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Compilers of the new Social Progress Index (SPI) can't be faulted for lack of ambition. They have synthesized no fewer than 52 indicators – from water withdrawals per capita to deaths from HIV, from fixed broadband subscriptions to political terror – to arrive at what they hope is a robust and meaningful measure of national well-being.
The 52 factors are combined first into three categories – basic human needs, foundations of well-being, and opportunity – and then into a single number. Sweden leads the 50-nation list with a score of 64.8, while Ethiopia is at the bottom with 26.7.
The SPI can be faulted, however, for being arbitrary and biased. Some indicators are relatively uncontroversial, but others simply reflect a subjective, Western, currently-fashionable left-liberal agenda. The assumption that this, or indeed any collection of inputs, can be accepted as delivering a reasonably objective list of the components of the good life, smacks of moral and intellectual arrogance.
True, as a measure of a nation's well-being, the traditional GDP is defective. Where the SPI is too broad, GDP is uncomfortably narrow. That said GDP, the total value of goods and services purchased in a given place in a given period, is a pretty good indicator of prosperity. Comparisons of GDP per person also correlate pretty well with common sense. The typical Frenchman is indeed much better off than the typical Argentine, even if the precision of the World Bank's calculations of 101 per cent higher GDP is spurious.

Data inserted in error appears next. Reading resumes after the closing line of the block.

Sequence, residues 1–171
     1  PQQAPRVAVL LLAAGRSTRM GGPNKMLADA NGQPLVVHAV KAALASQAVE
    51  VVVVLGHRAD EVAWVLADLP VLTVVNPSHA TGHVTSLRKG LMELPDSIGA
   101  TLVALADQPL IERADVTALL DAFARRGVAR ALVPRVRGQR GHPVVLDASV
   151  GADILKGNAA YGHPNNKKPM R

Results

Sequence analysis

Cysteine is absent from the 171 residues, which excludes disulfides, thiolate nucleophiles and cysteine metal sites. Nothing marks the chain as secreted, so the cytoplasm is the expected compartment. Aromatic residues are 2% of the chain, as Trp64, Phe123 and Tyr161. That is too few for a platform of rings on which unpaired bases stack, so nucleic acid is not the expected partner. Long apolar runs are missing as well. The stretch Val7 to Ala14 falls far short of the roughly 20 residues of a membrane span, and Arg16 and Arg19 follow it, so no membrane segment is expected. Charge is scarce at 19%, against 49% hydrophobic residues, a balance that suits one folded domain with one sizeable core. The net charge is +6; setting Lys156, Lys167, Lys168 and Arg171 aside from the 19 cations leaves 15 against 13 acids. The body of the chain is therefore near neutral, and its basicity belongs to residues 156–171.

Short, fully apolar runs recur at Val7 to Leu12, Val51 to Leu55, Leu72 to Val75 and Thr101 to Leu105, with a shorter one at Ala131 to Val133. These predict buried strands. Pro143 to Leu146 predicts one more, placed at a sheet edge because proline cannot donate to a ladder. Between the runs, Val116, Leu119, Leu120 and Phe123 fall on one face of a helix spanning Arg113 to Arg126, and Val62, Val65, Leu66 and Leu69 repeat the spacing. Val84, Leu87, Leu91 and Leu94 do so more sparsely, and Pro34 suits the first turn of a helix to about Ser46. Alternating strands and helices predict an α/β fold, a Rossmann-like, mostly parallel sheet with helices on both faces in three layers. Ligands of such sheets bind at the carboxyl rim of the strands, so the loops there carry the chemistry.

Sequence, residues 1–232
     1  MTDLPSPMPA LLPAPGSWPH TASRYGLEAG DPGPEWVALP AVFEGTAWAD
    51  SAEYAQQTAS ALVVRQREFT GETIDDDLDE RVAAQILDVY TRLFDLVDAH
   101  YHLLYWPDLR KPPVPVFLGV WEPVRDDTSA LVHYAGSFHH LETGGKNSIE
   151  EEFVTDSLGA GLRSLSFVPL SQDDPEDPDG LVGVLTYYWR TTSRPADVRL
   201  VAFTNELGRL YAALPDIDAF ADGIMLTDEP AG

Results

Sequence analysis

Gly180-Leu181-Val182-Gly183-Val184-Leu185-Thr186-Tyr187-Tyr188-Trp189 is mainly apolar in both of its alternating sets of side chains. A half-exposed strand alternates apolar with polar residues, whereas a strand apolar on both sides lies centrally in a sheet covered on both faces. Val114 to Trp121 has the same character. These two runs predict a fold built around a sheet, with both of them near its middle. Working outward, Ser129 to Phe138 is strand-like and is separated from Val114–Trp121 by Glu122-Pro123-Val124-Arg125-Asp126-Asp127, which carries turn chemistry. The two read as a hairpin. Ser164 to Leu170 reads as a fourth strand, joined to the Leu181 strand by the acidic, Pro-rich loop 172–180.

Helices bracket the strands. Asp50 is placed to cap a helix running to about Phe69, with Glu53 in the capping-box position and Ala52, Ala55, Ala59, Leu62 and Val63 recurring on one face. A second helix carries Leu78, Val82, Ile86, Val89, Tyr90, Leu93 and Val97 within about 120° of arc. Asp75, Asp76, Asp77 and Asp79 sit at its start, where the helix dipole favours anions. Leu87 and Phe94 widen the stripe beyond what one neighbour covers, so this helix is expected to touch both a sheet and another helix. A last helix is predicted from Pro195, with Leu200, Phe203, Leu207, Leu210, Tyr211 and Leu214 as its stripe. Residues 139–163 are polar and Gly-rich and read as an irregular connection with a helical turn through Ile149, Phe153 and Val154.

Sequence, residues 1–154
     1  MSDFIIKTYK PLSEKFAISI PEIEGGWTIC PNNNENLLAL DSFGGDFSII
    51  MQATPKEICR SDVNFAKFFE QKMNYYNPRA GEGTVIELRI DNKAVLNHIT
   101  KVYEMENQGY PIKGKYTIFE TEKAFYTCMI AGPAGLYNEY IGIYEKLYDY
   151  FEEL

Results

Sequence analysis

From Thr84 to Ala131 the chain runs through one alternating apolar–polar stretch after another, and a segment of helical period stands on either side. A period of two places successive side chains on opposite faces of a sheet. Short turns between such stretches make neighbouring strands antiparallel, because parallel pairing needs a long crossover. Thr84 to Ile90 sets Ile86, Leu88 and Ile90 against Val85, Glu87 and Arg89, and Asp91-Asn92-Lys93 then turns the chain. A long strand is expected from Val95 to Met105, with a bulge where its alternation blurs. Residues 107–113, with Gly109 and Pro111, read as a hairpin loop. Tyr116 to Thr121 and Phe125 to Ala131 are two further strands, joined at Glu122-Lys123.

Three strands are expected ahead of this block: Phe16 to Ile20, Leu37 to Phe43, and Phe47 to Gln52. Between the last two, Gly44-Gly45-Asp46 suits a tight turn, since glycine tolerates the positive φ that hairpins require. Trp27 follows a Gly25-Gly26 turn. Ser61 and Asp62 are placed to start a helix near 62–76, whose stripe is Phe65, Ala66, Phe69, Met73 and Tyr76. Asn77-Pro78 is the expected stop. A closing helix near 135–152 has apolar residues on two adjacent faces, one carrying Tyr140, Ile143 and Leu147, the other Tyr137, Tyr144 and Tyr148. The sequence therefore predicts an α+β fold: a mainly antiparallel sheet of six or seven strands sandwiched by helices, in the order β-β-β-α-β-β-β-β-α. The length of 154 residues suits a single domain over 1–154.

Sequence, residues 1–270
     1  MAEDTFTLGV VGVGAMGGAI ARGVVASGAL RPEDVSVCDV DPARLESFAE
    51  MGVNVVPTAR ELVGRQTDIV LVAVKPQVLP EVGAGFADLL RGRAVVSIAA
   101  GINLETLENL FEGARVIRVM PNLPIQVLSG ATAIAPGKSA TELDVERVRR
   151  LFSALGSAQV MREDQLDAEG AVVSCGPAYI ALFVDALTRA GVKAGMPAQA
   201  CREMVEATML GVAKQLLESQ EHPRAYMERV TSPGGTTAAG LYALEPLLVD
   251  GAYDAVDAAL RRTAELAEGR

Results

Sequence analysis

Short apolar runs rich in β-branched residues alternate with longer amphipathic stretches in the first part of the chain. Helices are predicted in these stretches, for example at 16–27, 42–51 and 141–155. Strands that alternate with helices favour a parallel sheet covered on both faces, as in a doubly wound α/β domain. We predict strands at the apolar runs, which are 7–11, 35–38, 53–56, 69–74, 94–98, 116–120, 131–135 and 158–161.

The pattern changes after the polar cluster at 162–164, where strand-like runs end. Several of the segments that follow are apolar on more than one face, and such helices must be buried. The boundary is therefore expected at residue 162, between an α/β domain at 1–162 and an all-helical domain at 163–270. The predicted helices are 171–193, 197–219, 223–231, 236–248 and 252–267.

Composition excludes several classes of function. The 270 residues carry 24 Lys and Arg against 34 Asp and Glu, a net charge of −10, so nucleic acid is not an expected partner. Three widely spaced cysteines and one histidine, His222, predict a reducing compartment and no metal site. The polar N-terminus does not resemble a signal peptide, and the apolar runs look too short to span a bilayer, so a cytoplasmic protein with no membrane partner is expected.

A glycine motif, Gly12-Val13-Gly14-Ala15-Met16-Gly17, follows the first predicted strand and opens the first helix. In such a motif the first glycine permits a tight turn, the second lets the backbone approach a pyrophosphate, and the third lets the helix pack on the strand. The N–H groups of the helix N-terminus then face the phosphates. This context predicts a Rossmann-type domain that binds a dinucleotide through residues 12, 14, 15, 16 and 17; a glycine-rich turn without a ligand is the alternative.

In one way, it hardly matters. SPI and GDP rankings are very close. In another, the SPI results amplify the silliness of all indices. It is nonsense to say that Social Progress in the U.K. is precisely 2.2 per cent less than in Sweden. And it is not only Francophiles who will be puzzled to learn that France has exactly 4.3 per cent less Social Progress than Britain.
The biggest imperfection, in GDP, SPI and the many other would-be benchmarks, is that well-being cannot be measured. It is a quality, not a quantity. GDP is a bad measure, but the alternatives may well be worse.